http://search.digikey.com/script...

should save you a lot of soldering grief. Hard to say since there is no pitch or total width specified in the drawings from the screen. All I know is I used one of these (more pins) to connect a 4.6in 24-bit TFT to an AVR32 about a year ago, and it fitted perfectly. The only difference I can note with your display's connector is yours has that extra material each side of the contacts, with the fixation holes. My guess is it can probably be cut off to fit almost any ZIF connector with the right pitch...

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http://www.lcd-module.com/produc...

Serial data and a wide PDIP construction.

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Quote:
you will probably need to add external ram

Hi Alan,
Yes, agreed. I am not planning on using video for this project, which makes things much simpler. I was thinking of adding a FRAM chip for a video screen buffer, (or two...).

Hugo,
Cool. I'm still in the design stage, and looking at the "major hurdles" I need to conquer, and had not yet even looked for or considered a flex connector instead of direct soldering. I appreciate the link, and it opens up some options for me to consider further.

TVI,
Nice displays, SPI & I2C interfaces, touch screen options. Lots to look at, and Mouser as a USA supplier. Thanks for the link.

JC

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If you are going to use a QVGA graphics module. Instead of starting with the module first, find an ARM Eval kit with a built in QVGA screen. Then try to find another screen that uses a similar driver that the ARM graphics libraries supports.

To do anything reasonably nice looking, you will probably need to rely heavily on the graphics library for the ARM you are using. Alternatively you can brew you own graphics libraries, but that alone can take an eternity.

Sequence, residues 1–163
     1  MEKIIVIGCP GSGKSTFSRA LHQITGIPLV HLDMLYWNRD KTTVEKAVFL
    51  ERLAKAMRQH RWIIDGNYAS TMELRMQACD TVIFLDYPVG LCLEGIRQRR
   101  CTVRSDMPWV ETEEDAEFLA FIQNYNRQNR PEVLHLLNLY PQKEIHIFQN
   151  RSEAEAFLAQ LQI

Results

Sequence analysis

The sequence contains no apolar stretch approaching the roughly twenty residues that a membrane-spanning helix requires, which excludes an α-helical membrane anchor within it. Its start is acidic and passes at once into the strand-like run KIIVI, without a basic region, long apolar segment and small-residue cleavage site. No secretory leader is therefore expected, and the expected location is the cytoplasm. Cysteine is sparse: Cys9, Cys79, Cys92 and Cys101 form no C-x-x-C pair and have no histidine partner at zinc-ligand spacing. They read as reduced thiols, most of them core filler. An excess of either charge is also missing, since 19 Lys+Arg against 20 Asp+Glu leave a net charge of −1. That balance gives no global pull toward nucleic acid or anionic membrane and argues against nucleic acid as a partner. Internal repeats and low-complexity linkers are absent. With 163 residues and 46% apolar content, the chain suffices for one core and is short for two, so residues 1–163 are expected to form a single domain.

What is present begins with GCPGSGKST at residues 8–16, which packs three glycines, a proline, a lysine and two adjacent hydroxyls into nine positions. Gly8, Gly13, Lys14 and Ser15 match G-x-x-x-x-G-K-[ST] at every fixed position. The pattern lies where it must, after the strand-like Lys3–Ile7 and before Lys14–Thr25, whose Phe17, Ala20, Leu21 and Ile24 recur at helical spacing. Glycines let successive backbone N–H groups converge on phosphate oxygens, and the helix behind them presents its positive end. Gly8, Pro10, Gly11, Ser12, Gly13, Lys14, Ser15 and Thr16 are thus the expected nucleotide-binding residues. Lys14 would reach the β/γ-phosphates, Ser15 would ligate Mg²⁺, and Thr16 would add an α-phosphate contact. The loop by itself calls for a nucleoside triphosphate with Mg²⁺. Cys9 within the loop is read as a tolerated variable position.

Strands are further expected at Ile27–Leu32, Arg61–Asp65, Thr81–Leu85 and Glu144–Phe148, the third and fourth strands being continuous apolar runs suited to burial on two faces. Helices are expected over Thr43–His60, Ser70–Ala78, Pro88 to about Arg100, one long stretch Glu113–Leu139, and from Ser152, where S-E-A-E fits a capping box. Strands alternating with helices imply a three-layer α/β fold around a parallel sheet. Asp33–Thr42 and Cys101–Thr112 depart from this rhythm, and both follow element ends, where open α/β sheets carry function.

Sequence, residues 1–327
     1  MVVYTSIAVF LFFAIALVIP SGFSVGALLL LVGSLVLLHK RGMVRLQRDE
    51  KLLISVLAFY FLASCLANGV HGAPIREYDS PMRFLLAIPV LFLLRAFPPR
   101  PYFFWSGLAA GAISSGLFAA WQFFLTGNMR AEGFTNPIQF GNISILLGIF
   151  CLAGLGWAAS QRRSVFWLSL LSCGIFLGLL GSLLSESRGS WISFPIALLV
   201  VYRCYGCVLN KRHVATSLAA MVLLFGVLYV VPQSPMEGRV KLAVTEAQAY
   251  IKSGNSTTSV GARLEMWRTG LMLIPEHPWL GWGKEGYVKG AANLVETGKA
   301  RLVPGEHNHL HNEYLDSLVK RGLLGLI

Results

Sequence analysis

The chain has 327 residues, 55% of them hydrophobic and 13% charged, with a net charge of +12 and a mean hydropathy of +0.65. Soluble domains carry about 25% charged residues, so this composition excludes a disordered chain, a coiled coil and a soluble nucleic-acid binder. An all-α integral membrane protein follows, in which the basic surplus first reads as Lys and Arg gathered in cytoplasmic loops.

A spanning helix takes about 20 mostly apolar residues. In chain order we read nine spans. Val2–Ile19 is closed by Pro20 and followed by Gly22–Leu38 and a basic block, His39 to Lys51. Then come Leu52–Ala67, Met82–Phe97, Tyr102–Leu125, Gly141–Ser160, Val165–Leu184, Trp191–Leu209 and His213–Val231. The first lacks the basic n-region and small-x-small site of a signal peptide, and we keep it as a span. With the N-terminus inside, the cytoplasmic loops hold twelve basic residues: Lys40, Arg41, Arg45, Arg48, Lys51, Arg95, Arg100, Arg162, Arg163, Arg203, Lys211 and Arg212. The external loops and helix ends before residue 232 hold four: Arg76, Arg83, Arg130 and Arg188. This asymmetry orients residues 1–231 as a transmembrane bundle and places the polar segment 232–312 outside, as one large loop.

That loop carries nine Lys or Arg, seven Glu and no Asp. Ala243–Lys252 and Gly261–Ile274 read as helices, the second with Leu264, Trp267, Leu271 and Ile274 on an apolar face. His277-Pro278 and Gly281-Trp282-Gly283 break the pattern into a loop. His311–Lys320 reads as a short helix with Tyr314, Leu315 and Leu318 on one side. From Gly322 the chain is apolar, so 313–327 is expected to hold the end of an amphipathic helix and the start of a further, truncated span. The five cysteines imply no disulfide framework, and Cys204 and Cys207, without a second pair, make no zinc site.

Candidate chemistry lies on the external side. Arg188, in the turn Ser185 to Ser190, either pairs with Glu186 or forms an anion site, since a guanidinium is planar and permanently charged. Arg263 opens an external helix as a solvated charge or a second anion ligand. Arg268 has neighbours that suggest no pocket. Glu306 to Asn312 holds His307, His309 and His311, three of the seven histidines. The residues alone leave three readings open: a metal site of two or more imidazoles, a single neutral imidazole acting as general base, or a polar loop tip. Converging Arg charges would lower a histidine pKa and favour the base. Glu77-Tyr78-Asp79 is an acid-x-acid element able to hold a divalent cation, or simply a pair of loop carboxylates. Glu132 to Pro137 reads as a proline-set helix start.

Forget about I2C and SPI, they are dog slow when dealing with the huge amounts of data you need to move for QVGA resolution.

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Hi Alan,

I agree totally, but fortunately I am not looking for High, or even Medium level throughput.
I'd use an Arm if I knew C, but I don't, so I'm stuck for now, but an XMega should be fine.
I'll write my own driver as there are not a lot of Bascom color GLCD drivers out there.
Since I'm not looking for high throughput even my own bit-banged parallel interface or SPI'd driver should be fine.

Time will tell, but it is good to have a few projects that push one's current knowledge base!

JC

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If you need a 3.5" 320x240 dots TFT LCD module with Touch Panel and LCD controller, a model is recommanded to you: kitronix display K350QVG-V1-F. It has 8-bit/ 16-bit 8080 system interface, SPI or parallel interface, and it can be used in the following MCUs TI (Cortex-M3 ARM), Atmel AVR, STM32, LPC177X etc.
For example, it is used in TI/ Luminary Micro's reference design kits: RDK-IDM-SBC and RDK-IDM-L35,you can find them at the website:(
http://www.luminarymicro.com/pro...
and
http://www.luminarymicro.com/pro...)
There is rich hardware and software information about the TFT LCD module at the website, which can speed up your R&D process.
For more information about the module, please look:
http://www.ecplaza.net/product/2...

With best regards!
Jacky Sheng
E-mail: jacky_sheng@kitronix.com

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For a one-off this is ridiculous, but I still wonder if you could rig something up to do the hot bar soldering. Machine a 'tip' that would contact all traces at once and fits in a drill press chuck, with ~10cm extra length for heat transfer buffering. Line up the chuck and your PCB & flex tail with a test run, then heat up the 'tip' with a butane torch. Could use an infrared thermometer to make sure it's in the correct range, then press it down for 15-30 seconds...
Those hot bar machines look expensive, but extremely accurate, like those nano-precision photolithography exposure rigs.

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Thanks for the link, Jacky.

It would be helpful, for myself and perhaps others, if the web page with the description included a link to a full data sheet for the display.

JC